Finally, do you have any advice for people who want to work in the digital industry?

In digital, we see new trends and technologies emerging constantly. This at times can be confusing.

These trends keep changing – what’s important for those who want to be creative marketers is that they understand the power of data and how data can influence thinking and they develop the ability to combine these insights with great storytelling.

Is Google becoming more hyperlocal?

new-pack-ad

Last week, reports surfaced suggesting the possibility that Google has made changes to local map results.

As detailed by Search Engine Roundtable’s Barry Schwartz, in the past week numerous individuals in the SEO community reported seeing compression in the local map pack results. One SEO who was monitoring results for clients observed “massive compression”:

In many tested areas (legal, dog boarding, photographers) we were seeing 4+ pages of map search results — now seeing one page (two at most).

Seems like centroids have increased as well – and its different for different business types. For example, “family photographers austin” results stop at the city line (results last week included suburbs and surrounding towns. But “wedding photographers austin” takes in the whole Austin DMA.

Others reported observing similar behavior, which, if put into practice more widely, could help some businesses and hurt others.

For example, one SEO commented, “I am seeing it here as well and while for my clients that have multiple locations across the city, its great, but for clients who have one location and get business from all over the city, its hurting them in a big big way!” He added, “Just because a business has more locations doesn’t mean they should be the ones showing up in the majority of searches.”

Obviously, Google might beg to differ. After all, Google’s goal is to deliver the most relevant results to its users, a growing number of whom are accessing Google from mobile devices.

To the extent that it can reliably deliver highly-relevant, hyperlocal results personalized to specific users based on their current locations, there’s arguably no reason for Google not to. This is especially true given that, as of last year, Google’s local map pack only displays three results instead of seven.

That change made optimization even more important for local marketers.

Hyperlocal’s impact on strategy

While it remains to be seen whether or not the results observed in recent days are a result of experimentation or permanent, larger changes, they are a reminder of the fact that local businesses compete in a dynamic online marketplace that constantly requires them to reevaluate their strategies and tactics.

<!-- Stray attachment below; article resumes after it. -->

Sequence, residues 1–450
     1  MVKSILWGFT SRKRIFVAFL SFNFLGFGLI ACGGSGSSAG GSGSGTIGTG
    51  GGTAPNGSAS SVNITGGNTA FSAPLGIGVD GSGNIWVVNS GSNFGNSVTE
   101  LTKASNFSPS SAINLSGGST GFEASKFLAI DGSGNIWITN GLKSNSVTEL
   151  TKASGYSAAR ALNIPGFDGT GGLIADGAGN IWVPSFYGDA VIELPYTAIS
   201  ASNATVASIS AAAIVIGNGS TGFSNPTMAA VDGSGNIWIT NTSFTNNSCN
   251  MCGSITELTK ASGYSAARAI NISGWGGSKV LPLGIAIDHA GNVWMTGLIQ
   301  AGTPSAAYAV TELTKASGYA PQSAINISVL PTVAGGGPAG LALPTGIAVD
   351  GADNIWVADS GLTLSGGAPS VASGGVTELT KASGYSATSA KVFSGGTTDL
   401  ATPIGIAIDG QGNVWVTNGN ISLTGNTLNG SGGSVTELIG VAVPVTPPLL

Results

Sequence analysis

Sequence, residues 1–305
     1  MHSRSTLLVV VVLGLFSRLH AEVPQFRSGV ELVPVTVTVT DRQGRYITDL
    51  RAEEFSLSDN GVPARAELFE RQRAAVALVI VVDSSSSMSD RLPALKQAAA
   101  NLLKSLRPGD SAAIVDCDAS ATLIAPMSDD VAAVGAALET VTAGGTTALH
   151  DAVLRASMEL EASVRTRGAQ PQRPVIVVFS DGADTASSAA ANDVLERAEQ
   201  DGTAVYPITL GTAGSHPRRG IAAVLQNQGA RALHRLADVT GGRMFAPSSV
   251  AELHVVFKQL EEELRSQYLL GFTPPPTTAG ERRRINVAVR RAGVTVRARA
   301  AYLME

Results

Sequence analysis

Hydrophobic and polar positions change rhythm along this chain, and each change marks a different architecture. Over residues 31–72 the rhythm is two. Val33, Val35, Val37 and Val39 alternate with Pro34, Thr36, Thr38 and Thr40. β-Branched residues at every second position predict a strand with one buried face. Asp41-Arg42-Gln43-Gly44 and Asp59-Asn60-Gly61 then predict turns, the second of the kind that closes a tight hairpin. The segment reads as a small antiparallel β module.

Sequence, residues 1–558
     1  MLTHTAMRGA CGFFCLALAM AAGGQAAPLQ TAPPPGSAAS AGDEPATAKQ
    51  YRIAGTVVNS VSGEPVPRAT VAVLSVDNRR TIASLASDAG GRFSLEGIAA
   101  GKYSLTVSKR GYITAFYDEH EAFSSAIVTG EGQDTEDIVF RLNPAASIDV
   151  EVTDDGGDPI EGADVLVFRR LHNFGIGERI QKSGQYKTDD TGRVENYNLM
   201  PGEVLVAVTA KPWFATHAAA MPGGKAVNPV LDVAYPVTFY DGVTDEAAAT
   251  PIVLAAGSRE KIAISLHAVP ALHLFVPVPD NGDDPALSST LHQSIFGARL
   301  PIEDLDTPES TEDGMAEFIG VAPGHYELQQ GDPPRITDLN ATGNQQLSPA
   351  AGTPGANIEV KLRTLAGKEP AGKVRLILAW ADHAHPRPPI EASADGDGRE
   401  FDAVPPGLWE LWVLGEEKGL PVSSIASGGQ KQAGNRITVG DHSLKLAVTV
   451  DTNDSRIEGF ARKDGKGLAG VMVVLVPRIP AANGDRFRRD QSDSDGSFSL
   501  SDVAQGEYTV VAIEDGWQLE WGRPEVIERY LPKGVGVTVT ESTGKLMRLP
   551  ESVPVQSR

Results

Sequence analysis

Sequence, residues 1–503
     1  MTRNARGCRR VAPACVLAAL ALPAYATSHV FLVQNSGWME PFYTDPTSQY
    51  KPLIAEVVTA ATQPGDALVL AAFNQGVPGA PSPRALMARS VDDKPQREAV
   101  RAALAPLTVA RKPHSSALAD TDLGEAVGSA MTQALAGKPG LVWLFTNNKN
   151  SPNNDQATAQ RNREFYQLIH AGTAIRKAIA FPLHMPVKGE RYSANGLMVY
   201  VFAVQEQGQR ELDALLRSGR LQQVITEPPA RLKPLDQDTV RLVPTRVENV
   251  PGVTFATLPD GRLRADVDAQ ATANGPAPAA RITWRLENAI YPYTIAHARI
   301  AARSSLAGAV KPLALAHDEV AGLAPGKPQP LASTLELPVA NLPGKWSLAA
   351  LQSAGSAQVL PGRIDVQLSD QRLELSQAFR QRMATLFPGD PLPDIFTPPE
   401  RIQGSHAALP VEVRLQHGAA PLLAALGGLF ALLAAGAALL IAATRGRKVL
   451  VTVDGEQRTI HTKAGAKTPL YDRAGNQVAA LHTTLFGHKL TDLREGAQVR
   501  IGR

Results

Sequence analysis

Optimization is no doubt and important part of that process, but an even greater hyperlocal push by Google highlights why alternative and emerging channels will probably grow in importance to local marketers in coming years.

The complete beginner’s guide to Schema.org markup

A search result from Time Out London for The Lyric theatre in Hammersmith. The result features a star rating of 4.5 stars, dated the 2nd June 2015, and has a short extract from the beginning of the review.

Do you know how to speak ‘search engine’? If there ever was a universal language for communicating with search engines, Schema.org is probably it.

What is Schema.org, you ask? Before I answer that question, first I need to explain what structured data is. In its simplest sense, structured data is information formatted in a way that can be universally understood. For webpages, this means search engines are more easily able to tell what a page is about, and the different elements it contains, allowing them to return more useful results to searchers.

Schema.org, then, is a markup vocabulary for structured data developed by Google, Microsoft, Yahoo and Yandex, with the goal of creating a structured data markup that all search engines can understand. It takes the form of code that you can add to your webpage to define what the different elements – like dates, images, opening hours or reviews – all mean.

Without structured data, a webpage is essentially all information with no context; adding structured data gives it that context. This enables search engines like Google to pull out the relevant parts of a webpage in the form of rich snippets and rich data, making the results page more informative and increasing click-through rate.

Rich data like star ratings in search results are made possible by using structured data

In spite of this, only a tiny fraction of websites actually use it. A study by Searchmetrics in 2014 found that just 0.3% of websites were using Schema.org vocabulary to mark up their webpages, and the number has barely gone up since then.

So if you’re a website owner or developer who’d like to get started using Schema.org markup, but aren’t sure how, then read on! As a newcomer to Schema.org myself, hopefully I can explain it in a way that makes sense to fellow newbies.